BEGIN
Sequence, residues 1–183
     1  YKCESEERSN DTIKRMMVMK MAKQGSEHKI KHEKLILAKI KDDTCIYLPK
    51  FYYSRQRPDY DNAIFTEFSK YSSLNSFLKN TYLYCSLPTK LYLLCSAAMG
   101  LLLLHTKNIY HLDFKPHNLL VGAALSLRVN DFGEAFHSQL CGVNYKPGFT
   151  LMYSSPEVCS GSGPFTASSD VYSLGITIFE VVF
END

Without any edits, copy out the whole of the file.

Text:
Sequence, residues 1–183
     1  YKCESEERSN DTIKRMMVMK MAKQGSEHKI KHEKLILAKI KDDTCIYLPK
    51  FYYSRQRPDY DNAIFTEFSK YSSLNSFLKN TYLYCSLPTK LYLLCSAAMG
   101  LLLLHTKNIY HLDFKPHNLL VGAALSLRVN DFGEAFHSQL CGVNYKPGFT
   151  LMYSSPEVCS GSGPFTASSD VYSLGITIFE VVF